Month: February 2013

What Is Osteoarthritis?

Osteoarthritis is the most common form of arthritis. Osteoarthritis occurs when the protective cartilage on the ends of your bones wears down over time.

The most affected joins, are: hands, neck, lower back, knees and hips. Osteoarthritis affects just joints, not internal organs.

Risk factors :

  • Being overweight (extra weight causes more wear and tear)
  • Getting older (usually appear in middle age)
  • Fractures or other joint injuries
  • Certain occupations
  • Genetic factors
  • Other diseases which change cartilage structure(metabolic or hormonal disorders)
  • Your sex – Women are more likely to develop osteoarthritis than men.

Signs and symptos:

  • Pain in the affected joint(s), that usually geting worse later, after time causing pain even at rest or limited motion.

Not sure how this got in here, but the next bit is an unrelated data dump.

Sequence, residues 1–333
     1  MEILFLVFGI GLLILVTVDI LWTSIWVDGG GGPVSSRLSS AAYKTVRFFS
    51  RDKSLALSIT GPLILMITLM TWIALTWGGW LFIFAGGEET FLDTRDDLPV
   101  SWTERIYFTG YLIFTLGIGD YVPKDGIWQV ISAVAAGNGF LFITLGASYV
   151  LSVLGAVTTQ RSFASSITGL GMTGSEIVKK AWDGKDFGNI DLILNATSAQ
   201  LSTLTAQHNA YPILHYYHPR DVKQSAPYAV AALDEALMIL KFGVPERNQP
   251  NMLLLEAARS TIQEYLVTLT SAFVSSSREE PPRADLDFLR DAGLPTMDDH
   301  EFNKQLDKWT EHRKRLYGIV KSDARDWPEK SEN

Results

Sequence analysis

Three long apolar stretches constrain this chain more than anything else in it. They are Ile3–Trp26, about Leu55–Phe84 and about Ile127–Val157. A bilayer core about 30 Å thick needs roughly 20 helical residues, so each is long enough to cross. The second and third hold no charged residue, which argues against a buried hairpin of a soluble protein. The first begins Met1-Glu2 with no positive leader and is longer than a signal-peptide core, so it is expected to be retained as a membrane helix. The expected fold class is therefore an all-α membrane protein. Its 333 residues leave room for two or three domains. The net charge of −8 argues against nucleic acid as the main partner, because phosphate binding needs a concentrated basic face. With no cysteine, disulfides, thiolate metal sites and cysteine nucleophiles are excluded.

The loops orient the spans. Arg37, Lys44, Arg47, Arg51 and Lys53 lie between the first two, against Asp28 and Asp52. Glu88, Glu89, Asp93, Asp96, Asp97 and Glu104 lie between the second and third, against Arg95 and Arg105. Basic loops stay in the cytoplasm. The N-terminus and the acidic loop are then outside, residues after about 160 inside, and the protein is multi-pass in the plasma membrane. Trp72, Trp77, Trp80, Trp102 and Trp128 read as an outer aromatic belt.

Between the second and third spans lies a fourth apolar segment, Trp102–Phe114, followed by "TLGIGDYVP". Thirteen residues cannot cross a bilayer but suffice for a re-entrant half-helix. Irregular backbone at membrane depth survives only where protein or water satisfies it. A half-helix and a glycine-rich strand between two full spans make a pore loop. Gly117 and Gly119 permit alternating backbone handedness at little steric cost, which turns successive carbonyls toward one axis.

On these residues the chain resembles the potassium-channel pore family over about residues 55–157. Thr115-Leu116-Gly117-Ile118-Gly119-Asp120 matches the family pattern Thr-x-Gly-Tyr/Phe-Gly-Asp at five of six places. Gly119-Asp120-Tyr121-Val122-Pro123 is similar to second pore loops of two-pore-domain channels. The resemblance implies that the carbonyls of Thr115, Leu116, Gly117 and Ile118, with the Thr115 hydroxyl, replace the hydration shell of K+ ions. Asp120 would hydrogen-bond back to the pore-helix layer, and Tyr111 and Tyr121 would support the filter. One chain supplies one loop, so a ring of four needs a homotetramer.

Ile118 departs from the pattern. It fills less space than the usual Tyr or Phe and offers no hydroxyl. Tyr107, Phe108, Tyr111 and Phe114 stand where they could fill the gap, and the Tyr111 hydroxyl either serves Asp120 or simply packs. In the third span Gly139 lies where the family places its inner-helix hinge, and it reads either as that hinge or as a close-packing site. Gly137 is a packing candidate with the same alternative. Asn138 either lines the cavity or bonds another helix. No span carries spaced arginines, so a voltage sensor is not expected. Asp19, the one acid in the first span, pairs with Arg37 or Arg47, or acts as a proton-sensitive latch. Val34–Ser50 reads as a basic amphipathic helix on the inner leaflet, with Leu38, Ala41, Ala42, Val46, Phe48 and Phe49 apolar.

• Stiffnes, swelling, warmth, and creaking (crepitus) of the affected joints.
  • The ligaments and muscles around the joint become weaker and stiffer
  • Joint tenderness
  • Local inflammation
  • Limited range-of-motion
  • Muscle weakness
  • Complete loss of the cartilage cushion causes friction between bones
  • Limping ( knee- or hip degeneration)
  • Progressive cartilage degeneration of the knee joints can lead to deformity and outward curvature of the knees,
  • Deformation of the small joints of the fingers and the toes
  • Heberden’s node, osteophyte formation

About treatment:

Treatments include physical therapy, medicines and sometimes surgery.

The goal of treatment is :

  • to reduce joint pain
  • to reduce inflammation
  • improving and maintaining joint function with physical therapy.
  • sometimes, the pain, limping, and joint dysfunction may not respond to medications and physical therapy, they need total knee replacement (surgical procedures) Osteoarthritis is the most common reason for knee replacement
  • Physical therapy is an essential part of rehabilitation after total knee replacement.
  • Weight loss if patient is overweight